Unvested options: As we discussed in our previous posts, the future of unvested options in a merger or acquisition is often uncertain. The purchasing company could simply make an exchange of the company’s options for their own, leaving things relatively unchanged or a new grant could be offered. It is also common for the acquiring company to grant stock options under their traditional plan; these typically resemble the packages for new hires. It is also possible, but unlikely, for options to be cashed out.

There are still multiple aspects of a merger or acquisition to understand before being able to fully comprehend the future of your stock options. Check back in a few days for part four. We will dive deeper into the topics of deal factors, valuation and option conversion.

Stock Connections specializes in working with San Francisco Bay Area companies that are involved in mergers & acquisitions, are raising capital, or creating stock option or other equity plans. We help start-up, private and public firms become – and remain – SEC-compliant. Stock Connections’ services are designed to help both start-ups and established firms comply with SEC and other regulations in their equity compensation programs. If you or anyone you know is looking to get involved with any of the above, we encourage you to contact us today.

Photo Credit: V1ctor.

Acquisition: What Happens After a Shift of Power?

What will you get in liquidation?

Changes occur in corporate America every day and as an employee these changes can be intimidating, especially when they are related to the future of stock options during a merger or acquisition. In this multi-post blog series we will attempt to answer the age old question of, “What happens to my stock options?” In part one, we will introduce the first steps in understanding how stock options can be affected in a merger or acquisition.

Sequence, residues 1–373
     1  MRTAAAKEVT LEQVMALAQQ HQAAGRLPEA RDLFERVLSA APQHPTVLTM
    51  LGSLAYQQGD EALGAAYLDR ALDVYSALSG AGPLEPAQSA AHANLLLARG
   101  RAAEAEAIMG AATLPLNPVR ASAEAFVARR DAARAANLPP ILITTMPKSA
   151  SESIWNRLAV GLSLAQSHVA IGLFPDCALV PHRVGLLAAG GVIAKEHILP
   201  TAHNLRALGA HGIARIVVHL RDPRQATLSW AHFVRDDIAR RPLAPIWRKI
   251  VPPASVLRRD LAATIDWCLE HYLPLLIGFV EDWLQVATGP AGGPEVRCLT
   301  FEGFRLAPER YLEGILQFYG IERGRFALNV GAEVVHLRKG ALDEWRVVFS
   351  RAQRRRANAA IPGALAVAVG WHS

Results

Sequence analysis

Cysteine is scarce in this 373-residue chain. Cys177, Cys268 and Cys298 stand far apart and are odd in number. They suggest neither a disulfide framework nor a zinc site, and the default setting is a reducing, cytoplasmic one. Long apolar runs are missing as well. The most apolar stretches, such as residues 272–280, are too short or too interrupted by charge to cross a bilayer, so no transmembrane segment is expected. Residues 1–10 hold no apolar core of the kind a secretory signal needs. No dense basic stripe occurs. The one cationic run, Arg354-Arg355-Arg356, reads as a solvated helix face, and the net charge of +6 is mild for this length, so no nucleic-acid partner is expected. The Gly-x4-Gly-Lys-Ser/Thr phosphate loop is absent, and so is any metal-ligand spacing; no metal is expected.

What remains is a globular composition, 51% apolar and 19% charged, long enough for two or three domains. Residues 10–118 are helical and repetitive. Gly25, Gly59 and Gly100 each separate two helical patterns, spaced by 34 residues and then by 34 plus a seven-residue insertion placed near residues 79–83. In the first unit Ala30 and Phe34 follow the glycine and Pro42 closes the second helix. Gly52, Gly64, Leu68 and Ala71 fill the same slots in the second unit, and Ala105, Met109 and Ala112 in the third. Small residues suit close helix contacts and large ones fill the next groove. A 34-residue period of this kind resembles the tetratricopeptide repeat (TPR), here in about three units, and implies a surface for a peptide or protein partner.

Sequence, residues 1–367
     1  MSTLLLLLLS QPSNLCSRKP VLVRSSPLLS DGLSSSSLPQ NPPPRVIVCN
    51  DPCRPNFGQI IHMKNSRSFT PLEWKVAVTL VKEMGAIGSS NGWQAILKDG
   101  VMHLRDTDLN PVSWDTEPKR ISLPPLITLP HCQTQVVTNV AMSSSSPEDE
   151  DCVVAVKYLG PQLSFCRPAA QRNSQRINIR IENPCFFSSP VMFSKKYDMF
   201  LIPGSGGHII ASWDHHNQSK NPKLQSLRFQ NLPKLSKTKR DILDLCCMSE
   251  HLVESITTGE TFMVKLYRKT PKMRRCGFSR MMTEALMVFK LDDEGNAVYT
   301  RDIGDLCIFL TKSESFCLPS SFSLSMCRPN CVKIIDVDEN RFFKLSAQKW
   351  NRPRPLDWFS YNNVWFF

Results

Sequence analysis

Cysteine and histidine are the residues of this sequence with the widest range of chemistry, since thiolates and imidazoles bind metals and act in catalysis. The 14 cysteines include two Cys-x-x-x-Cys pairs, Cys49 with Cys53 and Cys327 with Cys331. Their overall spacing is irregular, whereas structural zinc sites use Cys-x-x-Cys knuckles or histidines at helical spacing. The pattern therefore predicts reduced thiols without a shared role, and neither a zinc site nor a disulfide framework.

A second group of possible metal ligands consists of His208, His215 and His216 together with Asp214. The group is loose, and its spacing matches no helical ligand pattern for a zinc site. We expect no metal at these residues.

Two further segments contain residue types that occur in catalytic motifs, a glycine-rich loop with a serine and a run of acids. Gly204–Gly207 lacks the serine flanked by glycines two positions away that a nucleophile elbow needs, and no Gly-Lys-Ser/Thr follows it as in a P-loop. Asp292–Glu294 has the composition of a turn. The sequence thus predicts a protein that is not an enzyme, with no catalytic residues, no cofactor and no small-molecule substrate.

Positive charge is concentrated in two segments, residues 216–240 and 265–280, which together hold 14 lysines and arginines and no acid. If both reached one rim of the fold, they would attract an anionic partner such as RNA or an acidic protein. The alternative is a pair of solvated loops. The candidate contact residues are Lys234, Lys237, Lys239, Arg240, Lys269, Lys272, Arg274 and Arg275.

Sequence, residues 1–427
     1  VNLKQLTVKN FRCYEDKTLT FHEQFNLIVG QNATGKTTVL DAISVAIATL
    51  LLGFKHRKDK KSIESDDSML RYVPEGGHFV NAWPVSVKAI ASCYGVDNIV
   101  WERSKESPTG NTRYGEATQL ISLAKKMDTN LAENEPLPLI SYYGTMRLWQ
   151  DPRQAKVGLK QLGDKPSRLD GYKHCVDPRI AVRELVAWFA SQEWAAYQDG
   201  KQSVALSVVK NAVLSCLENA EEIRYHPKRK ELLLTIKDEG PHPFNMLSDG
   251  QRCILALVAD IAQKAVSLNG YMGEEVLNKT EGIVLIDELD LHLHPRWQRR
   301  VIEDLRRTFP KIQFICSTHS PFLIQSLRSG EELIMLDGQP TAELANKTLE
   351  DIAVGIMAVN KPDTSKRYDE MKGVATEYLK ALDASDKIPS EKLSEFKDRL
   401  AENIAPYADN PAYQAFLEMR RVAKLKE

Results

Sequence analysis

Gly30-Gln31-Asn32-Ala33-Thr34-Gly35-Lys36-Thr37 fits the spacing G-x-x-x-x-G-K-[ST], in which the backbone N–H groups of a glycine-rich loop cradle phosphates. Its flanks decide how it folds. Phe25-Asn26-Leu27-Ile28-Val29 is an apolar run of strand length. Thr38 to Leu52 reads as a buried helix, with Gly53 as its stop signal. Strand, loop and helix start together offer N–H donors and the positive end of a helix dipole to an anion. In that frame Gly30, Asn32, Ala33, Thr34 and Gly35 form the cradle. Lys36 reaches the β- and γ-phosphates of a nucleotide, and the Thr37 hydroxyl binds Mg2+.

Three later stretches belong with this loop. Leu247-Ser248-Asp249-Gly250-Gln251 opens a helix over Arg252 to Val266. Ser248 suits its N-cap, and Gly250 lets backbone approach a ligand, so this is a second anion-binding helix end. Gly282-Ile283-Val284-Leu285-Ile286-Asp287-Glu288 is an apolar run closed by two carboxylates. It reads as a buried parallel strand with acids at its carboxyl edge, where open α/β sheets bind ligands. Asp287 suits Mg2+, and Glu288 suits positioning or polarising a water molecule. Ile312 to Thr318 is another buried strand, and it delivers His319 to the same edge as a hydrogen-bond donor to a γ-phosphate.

Know the terms of your options: When you are given an initial plan for your stock options, you are basically given all the information you could possibly need for reference. Your individual grant agreement and your individual stock option plan will be the two resources you turn to for the details needed to move forward after a merger or acquisition occurs. Read the rest of this entry »

Funding College with Stock Options

Will you stock options lead to a degree?

Getting a college education is not an easy feat, especially now with the price of college tuition on the climb every semester. Most parents pay for college either with money from a savings account or they take out a bank loan. In both cases the money that you’re investing in your child’s higher education will put you in debt or wipe you clean. Have you thought of using stock options to pay for college?

There is a possibility of paying for college with restricted stock, employee stock options, employee stock purchase plans and other grants. This can directly relate to your ability to keep your retirement savings untouched. But first things  first, understanding the Kiddie Tax. Established in 1986, this tax is imposed on children up to 17 years of age. If the child has an income that is more than an annually set threshold, the rest of the money is taxed at the guardian’s tax rate. This law was put in place so that guardians would not give their children large amounts of money in the form of stock options as a ‘gift’. This was done to stop a loophole that otherwise would allow adults to exercise an option and be taxed in a much lower tax bracket.